The potential influence of diet can best be illustrated by comparing rates of prostate cancer in China and the United States. The rate of prostate cancer is about 80 times greater in the U.S. than China, Saxe says, and one of the presumed reasons is the Asian diet, which tends to be higher in whole grains (such as unpolished rice) and vegetables, and lower in saturated fat.

“Japan, like China, also has a lower rate of prostate cancer,” Saxe says. “When researchers looked at Japanese men who had migrated to the United States, it was found that their rates of prostate cancer had skyrocketed. They had rates of invasive prostate cancer four to nine times higher than men who still lived in Japan, and the rate was higher still in their offspring.”

Saxe notes that certain foods prevalent in Asian diets, such as tofu and green tea, are being closely examined to determine whether they contribute to the lower rates of prostate cancer among men in these countries. “When we investigated, we identified compounds in these foods that seem to affect the growth of prostate cancer cells in the laboratory,” he says.

According to Saxe, men who are most at risk of developing prostate cancer should consider a holistic approach to prevention, including a reduction in red meat and dairy intake; an increase in consumption of whole grains, vegetables, beans and fruit; regular exercise; and stress reduction via meditation, yoga or other approaches.

“Those who would benefit the most, in my opinion, are men already suffering from prostate cancer as well as those with a strong family history of prostate cancer, co-existing health problems such as diabetes or heart disease, or precancerous conditions such as prostatic intraepithelial neoplasia,” a noncancerous growth of cells lining the prostate gland’s internal and external surfaces, Saxe notes.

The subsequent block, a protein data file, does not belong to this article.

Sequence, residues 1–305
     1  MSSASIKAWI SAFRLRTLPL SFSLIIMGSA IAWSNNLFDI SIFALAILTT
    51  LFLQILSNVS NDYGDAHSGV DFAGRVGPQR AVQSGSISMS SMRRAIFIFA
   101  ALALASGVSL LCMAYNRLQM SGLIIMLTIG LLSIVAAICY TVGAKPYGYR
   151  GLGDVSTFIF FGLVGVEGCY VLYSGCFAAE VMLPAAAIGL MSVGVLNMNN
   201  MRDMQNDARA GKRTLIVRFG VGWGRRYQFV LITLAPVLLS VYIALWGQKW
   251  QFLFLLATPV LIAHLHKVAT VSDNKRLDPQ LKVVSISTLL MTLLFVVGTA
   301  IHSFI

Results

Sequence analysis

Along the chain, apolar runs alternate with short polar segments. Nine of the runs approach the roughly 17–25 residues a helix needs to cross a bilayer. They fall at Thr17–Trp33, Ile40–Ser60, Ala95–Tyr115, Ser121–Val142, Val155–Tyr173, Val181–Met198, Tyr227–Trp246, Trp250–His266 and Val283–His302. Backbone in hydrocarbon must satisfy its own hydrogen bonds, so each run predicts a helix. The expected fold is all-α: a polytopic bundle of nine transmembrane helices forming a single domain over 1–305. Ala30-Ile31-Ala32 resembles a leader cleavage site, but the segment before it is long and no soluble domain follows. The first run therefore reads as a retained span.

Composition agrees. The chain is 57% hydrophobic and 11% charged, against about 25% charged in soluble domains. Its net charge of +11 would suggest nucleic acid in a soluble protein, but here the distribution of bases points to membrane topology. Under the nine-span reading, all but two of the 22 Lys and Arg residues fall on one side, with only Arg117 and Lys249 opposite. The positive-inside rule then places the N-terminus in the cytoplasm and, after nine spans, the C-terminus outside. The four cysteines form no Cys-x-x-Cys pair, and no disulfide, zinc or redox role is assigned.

“African-American men would also benefit because they are more likely to be overweight when they are diagnosed, as well as have a higher grade of cancer,” he says. “African-American men are also more likely to have a relapse, so their prostate cancers tend to have a more aggressive course.”

As scientists learn more about how prostate cancer arises, even newer approaches may be on the horizon, Fleshner and Zlotta noted in their article in Cancer. Promising areas of investigation include the role played by obesity and insulin resistance (and the potential benefits of different diabetes drugs as preventive measures). Also of interest are the possible benefits of the cholesterol-control drugs known as statins, and the potential of developing a prostate cancer vaccine, based on what the researchers call “tantalizing data on novel viruses.”

While the array of promising approaches to preventing prostate cancer is growing, and several studies are in progress, researchers warn that men should be wary of commercial compounds touted for cancer prevention because most claims are, at this point, purely anecdotal.

“For many compounds, the science is rather sparse from a clinical standpoint,” says Lotan. “In regard to prostate cancer, large, controlled studies are required — there’s no real way around that. There must be more than just anecdotal evidence.”

If you shrink the prostate, which fiinasteride does, then you're more likely to find even small amounts of high-grade cancer. It's like finding a needle in a haystack. When you reduce the size of the haystack by half, finding the needle becomes much easier.

When researchers looked at Japanese men who had migrated to the United States, it was found that their rate of prostate cancer had skyrocketed.

In regard to prostate cancer, large, controlled studies are required - there's no real way around that. There must be more than just anecdotal evidence.